I did make it Kiunga, but not without considerable drama and shenanigans regarding an overweight plane at the Mt Hagen airport. I was first told I couldn’t take the flight—I had arrived too late, which was not true!! So then the story changed: the plane was too heavy to fly—which was at least closer to the truth. Next, we were all told that everyone could take the flight, but no one could bring their luggage!!
We all watched, helplessly, as our luggage was taken out of the plane and put out on the runway. Since the luggage was supposed to follow us at some undetermined date in the future (given that the flight is only scheduled a few times per week, and clearly accompanying luggage is low priority in the first place), and I only had two days in Kiunga, then one night in Port Moresby, before flying on to the Solomons, I had visions that my luggage would never find me again….I decided I simply couldn’t go if my luggage couldn’t go with me. I waited back, to tell the security agent, and was already thinking how I was even going to get back to Mt Hagen, since the one phone number I had was to a misplaced cell phone…. The photo below on the left is of our luggage being offloaded. The photo below on the right was of something I found beyond amazing–given the absolute absence of Internet I had had up to that point in PNG, AND, right in the middle of this intense dramatic scene that was playing itself out, one of the Airlines PNG employees was checking her facebook page on the airline’s computer.
I’m gathering up my courage to tell the agent that I won’t be making the trip after all, but then, at the absolute last possible moment, a group of seven (7!) people agreed not to take the flight, which meant that everyone else taking the flight got to travel WITH their luggage—a minor miracle! The plane’s weight had to be totally recalculated, but I think none of the passengers who DID get to fly minded the hour delay.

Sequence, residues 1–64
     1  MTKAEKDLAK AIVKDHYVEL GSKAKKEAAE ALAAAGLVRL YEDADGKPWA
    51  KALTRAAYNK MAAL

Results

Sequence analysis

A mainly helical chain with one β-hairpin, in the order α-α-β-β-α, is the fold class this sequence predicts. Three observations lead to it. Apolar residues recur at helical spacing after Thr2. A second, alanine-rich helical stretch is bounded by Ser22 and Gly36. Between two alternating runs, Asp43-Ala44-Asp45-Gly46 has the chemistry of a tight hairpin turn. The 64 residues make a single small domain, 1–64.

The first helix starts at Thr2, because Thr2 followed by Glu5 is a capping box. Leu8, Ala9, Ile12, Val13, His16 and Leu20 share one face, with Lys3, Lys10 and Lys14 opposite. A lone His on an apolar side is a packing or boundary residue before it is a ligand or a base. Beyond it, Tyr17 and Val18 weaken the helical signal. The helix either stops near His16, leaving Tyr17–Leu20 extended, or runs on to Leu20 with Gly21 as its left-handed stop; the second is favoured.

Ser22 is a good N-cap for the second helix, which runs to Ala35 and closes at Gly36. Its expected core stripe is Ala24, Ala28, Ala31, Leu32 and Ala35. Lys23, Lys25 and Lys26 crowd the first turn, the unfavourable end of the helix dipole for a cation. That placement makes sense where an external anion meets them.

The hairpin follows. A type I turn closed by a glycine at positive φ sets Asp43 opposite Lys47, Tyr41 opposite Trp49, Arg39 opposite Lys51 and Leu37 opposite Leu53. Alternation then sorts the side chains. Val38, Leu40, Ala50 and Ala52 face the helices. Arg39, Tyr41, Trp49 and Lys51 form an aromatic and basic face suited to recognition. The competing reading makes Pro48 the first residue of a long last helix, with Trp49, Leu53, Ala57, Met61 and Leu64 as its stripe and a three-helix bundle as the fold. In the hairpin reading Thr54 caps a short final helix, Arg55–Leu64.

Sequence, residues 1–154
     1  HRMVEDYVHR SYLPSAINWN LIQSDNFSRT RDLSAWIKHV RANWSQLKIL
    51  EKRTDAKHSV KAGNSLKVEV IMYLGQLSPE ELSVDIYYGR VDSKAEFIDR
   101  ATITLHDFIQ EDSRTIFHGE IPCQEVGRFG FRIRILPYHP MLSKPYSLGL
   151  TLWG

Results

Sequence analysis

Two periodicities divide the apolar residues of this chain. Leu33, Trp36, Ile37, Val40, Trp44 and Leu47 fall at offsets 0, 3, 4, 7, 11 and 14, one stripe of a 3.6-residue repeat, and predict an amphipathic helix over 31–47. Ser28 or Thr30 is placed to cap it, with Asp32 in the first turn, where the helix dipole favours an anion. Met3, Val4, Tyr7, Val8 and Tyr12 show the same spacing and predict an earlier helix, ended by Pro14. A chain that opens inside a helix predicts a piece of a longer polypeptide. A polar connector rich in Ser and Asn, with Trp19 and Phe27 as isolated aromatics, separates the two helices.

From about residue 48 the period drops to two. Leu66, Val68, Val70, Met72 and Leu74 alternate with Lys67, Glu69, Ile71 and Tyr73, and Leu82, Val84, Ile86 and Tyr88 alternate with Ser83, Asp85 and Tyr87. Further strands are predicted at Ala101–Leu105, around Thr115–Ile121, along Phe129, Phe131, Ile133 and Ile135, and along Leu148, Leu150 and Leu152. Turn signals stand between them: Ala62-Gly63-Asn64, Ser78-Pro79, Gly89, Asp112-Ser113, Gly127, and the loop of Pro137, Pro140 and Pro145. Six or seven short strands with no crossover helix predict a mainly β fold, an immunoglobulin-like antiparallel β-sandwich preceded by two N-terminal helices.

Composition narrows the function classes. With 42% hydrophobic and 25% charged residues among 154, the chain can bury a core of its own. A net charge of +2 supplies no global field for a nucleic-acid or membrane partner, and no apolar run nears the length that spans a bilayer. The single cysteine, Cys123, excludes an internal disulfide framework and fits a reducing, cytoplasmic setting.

We had lovely views of the Fly river and the city of Kiunga just before we landed. I had been advised to call the Kiunga Guesthouse to confirm my pickup before I arrived. I had been ringing them all day, with no answer, and was therefore nervous. When I got off the plane, I must have looked worried. A friendly local (in the dark blue shirt in the photo below) cheerfully volunteered the following, completely unbidden: “Don’t worry—you’re not in Hagen anymore. Kiunga is safe.” I was immediately put at ease, but have since puzzled at how much we can be affected by the things others tell us. However, it was absolutely, positively unanimous—even and especially from the people who lived there—that Mt Hagen and Port Moresby weren’t safe. So, being told by a complete stranger that I would be safe here, I felt safe here!
I went in to the airport—pictured—inquired, and someone was kind enough to use their cell phone to call a personal acquaintance at the Guesthouse, and a van was dispatched immediately—it turned out all land lines in the area were down for the day. Everything explained, everything ok.
And that evening, I finally met the person who rather singlehandedly made my trip possible—David Leeming. We had been exchanging multiple emails per day, basically since we had been introduced electronically, about a month and a half prior to my trip. I had so many questions—it’s impossible to imagine what a place will be like or what the situation truly is until you’ve been there, and I am so extremely grateful both that David was so patient with me and tirelessly responded to my neverending stream of emailed questions, and that he has a limitless supply of energy and enthusiasm for the work that he’s doing…